Sergeant Joseph Marshall


Joseph Marshall was born about 1883 in Hampshire, England (possibly the Joseph Marshall born in Southampton on 5 October 1883, the third of fourteen children of domestic servant Thomas Marshall and his wife Maria (nee Jowles).

Marshall served in the army before the war, though in which regiment and when are not known at present. He was still serving on 26 January 1910 when he married Annie Ledgerwood Lockhart at Sinclair Seamen's Presbyterian Church, Shankill, Belfast. The couple had four children before Annie's death from influenza on 28 November 1918.

By the time of the 1911 Census he had left the army and was living at 5 Richmond Square, Belfast, with his wife and first child, her parents and two of her sisters, and was working as a hydraulic pressman for a linen firm.

Marshall enlisted in the North Irish Horse between 14 and 29 May 1914 (No.947 – later Corps of Hussars No.71175). He embarked for France with A Squadron on 17 August 1914, seeing action on the retreat from Mons and advance to the Aisne. The squadron then served as escort and bodyguard to the BEF's commander-in-chief at St Omer from October 1914 until January 1916, when it was posted as divisional cavalry to the 55th Division.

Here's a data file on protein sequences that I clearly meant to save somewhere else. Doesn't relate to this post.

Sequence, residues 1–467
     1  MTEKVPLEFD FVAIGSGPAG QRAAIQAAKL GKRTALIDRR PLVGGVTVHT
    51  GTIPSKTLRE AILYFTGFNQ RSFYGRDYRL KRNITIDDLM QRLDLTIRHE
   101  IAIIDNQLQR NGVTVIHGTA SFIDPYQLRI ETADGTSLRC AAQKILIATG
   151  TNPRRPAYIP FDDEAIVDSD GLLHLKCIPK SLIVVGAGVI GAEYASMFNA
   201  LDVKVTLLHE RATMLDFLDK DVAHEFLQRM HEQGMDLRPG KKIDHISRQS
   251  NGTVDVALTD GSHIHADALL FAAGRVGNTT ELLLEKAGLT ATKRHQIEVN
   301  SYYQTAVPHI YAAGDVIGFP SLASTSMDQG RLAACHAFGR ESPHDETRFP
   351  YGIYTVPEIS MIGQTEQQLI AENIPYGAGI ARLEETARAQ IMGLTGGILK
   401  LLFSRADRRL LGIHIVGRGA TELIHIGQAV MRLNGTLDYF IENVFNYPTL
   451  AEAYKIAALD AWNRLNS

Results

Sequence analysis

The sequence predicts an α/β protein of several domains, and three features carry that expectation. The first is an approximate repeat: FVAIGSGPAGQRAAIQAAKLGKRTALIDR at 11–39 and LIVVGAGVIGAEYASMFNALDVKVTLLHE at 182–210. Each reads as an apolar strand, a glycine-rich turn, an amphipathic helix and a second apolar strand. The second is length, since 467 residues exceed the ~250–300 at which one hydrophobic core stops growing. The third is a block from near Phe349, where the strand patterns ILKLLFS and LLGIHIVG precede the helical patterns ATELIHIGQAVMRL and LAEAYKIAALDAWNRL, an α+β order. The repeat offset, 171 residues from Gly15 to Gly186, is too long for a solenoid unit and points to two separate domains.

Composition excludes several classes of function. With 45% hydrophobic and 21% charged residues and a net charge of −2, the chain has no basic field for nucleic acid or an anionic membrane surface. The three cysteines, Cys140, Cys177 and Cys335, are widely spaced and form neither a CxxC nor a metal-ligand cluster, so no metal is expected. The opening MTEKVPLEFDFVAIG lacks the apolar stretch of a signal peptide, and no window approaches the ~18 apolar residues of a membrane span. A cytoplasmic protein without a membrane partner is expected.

On 2 July 1915 the Ballymena Observer published a number of letters of thank from North Irish Horsemen to people who had sent gifts of cigarettes to the troops at the front, including the following:

Miss M. Ballentine, Galgorm Road. – Dear Miss, – Just a line to thank you personally for cigarettes. Hoping Ballymena population and yourself are doing well. Yours truly, with thanks, J. Marshill [sic], N.I.H., France.

In May 1916 A Squadron came together with E and D Squadrons to form the 1st North Irish Horse Regiment, serving as corps cavalry to VII, XIX, then V Corps until February-March 1918, when the regiment was dismounted and converted to a cyclist unit. It then served as corps cyclists to V Corps until the end of the war.

Marshall remained with the North Irish Horse throughout the war, though whether he spent the entire period in France and Belgium, or returned at some point to the regimental reserve depot at Antrim, is not known at present.

On 1 December 1918 Marshall was admitted to the Royal Victoria Hospital, Netley, suffering from influenza. Following his recovery he returned to his regiment, but in May 1919 he transferred to the Royal Irish Rifles (No.24950) and was posted to the 3rd (Reserve) Battalion at Belfast. He remained in that role until discharged on 21 January 1922.

Marshall was granted a pension due to 'neurasthenia following influenza'. It appears that he later moved to England, where he lived at Leightley, near Gunnislake, Cornwall.


This page last updated 22 April 2023.